If this technique of counterflow were not employed, the temperature distributions illustrated in FIG. 4 would obtain. FIG. 4 is identical to FIG. 3 except that cooling fluid is made to flow in the same direction within each of the panels 15, 16. The counterflow temperature distribution of FIG. 3 is preferable because the average temperature along the long dimension of each cell 11 is roughly the same, increasing the reliability, performance, and longevity of the cells 11.
FIG. 5 is a top view of a fuel cell or battery 3 such as that illustrated in FIG. 1, in which two cooling systems 40, 41 are used to cool three side-by-side stacks 9 of electrochemical cells 11 using the preferred counterflow technique. Such a configuration may be used for high voltage bipolar batteries 3 to best utilize the internal volume of the cylindrical pressure vessel 5. The stacks 9 are externally connected electrically, in series or parallel, using appropriate bus bars (not illustrated). The two cooling systems 40, 41 share a single pump 21 and a single heat exchanger 23, connected via a single return pipe 39. The pump 21 and heat exchanger 23 are external to the battery 3, and the cooling fluid piping 29-32 passes through the pressure vessel wall 5 via a pressure sealed feedthrough (not shown).
Cooling system 40 comprises input pipe 29, three parallel cooling panels 15, and output pipe 31. The lower, middle, and upper cooling panels 15, respectively, cool the lower, middle, and upper stacks 9, respectively. Cooling fluid flow in each of panels 15 is in the same direction. For the sake of convenience, upper panels 15 share a common wall 14.
Similarly, cooling system 41 comprises input pipe 30, three parallel cooling panels 16, and output pipe 32. The lower, middle, and upper cooling panels 16, respectively, cool the lower, middle, and upper stacks 9, respectively. Cooling fluid flow in each of panels 16 is in the same direction and is opposed to the flow in each of panels 15. The fact that pump 21 and heat exchanger 23 are common to each cooling system 40, 41 helps equalize the temperatures at the inputs 29, 30 of these systems 40, 41, helping to insure that all the cells 11 within all three stacks 9 experience substantially the same cooling environment as desired.
It is not necessary that the cooling pipes 29-32 be electrically insulated from vessel 5, because vessel 5 and cooling systems 40, 41 are electrically and ionically isolated from the components comprising the stack 9. However, compression seals of the type commonly used in present-day nickel-hydrogen battery cells could be used for cooling pipe 29-32 feedthroughs.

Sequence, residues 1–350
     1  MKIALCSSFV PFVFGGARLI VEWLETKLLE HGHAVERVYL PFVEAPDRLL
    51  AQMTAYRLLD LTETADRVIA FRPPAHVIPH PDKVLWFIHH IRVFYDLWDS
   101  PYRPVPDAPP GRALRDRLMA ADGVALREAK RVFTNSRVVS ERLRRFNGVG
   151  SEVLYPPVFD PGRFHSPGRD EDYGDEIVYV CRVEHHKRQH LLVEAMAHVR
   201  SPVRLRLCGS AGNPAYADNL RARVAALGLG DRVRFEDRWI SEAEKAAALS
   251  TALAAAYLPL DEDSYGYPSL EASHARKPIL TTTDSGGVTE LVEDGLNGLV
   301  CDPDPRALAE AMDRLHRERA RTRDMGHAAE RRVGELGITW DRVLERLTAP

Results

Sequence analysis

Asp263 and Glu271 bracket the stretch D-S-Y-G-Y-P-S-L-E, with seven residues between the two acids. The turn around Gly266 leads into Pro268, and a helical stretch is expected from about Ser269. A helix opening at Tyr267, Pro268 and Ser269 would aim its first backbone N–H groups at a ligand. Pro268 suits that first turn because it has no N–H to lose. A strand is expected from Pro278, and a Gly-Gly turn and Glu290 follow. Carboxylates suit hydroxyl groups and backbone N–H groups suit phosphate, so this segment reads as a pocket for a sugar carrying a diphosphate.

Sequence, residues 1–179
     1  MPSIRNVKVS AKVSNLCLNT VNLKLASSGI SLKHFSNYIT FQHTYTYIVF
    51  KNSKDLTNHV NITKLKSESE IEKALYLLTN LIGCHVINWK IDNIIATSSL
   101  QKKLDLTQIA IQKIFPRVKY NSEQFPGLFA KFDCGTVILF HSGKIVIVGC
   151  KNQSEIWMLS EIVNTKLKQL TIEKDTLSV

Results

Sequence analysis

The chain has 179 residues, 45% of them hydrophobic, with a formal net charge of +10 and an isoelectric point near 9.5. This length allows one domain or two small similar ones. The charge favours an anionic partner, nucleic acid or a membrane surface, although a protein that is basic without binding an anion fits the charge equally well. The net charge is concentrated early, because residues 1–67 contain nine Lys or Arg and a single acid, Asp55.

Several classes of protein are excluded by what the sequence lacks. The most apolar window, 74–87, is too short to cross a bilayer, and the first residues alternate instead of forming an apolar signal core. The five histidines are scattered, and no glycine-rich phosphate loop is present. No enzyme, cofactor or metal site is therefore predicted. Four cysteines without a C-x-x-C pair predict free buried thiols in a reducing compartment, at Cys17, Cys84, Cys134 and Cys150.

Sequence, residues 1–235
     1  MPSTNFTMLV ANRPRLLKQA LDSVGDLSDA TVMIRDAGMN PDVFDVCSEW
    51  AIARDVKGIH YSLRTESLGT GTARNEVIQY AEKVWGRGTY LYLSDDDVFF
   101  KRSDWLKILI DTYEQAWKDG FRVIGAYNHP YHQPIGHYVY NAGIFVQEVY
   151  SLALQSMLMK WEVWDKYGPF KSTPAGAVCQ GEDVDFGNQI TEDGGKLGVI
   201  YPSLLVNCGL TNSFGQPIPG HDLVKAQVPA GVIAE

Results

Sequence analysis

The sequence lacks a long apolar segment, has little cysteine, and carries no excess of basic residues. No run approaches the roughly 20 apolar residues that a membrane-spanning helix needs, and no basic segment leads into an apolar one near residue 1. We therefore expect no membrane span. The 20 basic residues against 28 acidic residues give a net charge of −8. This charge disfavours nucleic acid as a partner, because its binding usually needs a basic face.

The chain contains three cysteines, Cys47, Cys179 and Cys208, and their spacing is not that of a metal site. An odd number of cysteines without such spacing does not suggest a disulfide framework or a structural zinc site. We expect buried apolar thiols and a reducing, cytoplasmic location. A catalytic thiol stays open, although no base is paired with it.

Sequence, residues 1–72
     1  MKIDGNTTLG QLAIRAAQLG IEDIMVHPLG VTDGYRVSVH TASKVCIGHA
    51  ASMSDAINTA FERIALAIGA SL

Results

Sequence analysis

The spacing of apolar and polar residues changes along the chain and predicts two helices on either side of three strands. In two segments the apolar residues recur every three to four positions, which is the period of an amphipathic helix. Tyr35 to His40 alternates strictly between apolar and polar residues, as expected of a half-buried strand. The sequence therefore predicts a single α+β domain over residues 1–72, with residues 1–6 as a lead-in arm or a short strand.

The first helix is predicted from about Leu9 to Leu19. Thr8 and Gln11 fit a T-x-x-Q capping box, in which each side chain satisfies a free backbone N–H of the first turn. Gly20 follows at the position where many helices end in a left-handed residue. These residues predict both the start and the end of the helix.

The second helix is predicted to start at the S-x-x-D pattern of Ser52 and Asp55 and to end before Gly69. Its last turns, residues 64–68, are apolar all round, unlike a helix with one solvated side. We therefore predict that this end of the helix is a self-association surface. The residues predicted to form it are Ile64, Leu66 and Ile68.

Pressure compensation bellows 49 can be used in a portion of pipes 29-32 internal to vessel 5. This bellows 49 automatically equalizes pipe 29-32 pressure to the internal battery 3 pressure as the battery 3 is charged and discharged. Thus, it reduces mechanical stress on pipe 29-32 joints and cooling panels 15, 16, thereby improving battery 3 reliability and decreasing weight. Additionally, it permits optimizing the shape of the pipes 29-32 and cooling panels 15, 16 for effective heat transfer rather than for withstanding high pressure differentials. Bellows 49 comprises a hollow, rigid support cylinder 50 having one end open to the gas permeating the interior of the battery 3. Within the cylinder 50 is a flexible bladder 51 containing the cooling fluid. The bladder is free to expand and contract to equalize pressure differentials.
FIG. 6 illustrates an embodiment in which each of the substantially planar cells 11 has a circular shape in its plane. Counterflow cooling is accomplished in this embodiment by means of curving panels 15 and 16 as illustrated. Normally, the rectangular cell 11 shape illustrated in FIGS. 1-5 and 7-9 is preferable to the circular shape illustrated in FIG. 6, because it entails a simpler and less expensive geometry for manufacturing larger cell 11 sizes. The cooling system 40, 41 of the present invention is sufficiently effective in most cases to permit use of this preferable rectangular geometry, even when the ends of the cells 11 are not directly cooled by panels 15, 16. Furthermore, in a rectangular cell 11 battery 3, the voltage and/or capacity can be readily changed, reducing non-recurring development costs and minimizing technical and performance risks. The thermal design of the battery 3 establishes an electrode width based on the thermal conductivity of the path between the stack 9 and the cooling panel 15, 16. This electrode width remains fixed as battery 3 electrical performance requirements change. Higher battery 3 voltage is accomplished by adding more bipolar cells 11 and increasing the stack 9 height and cooling panel 15, 16 height, or by creating an additional electrically series-connected substack 9. Higher capacity is accomplished by increasing cell 11 area via increased cell electrode length; the cooling panel 15, 16 length is increased accordingly. Higher capacity can also be obtained by creating an additional electrically parallel-connected substack 9. In either case, the pumped fluid flow rate is increased to carry away the additional heat, resulting in similar inter-cell and intra-cell temperature gradients.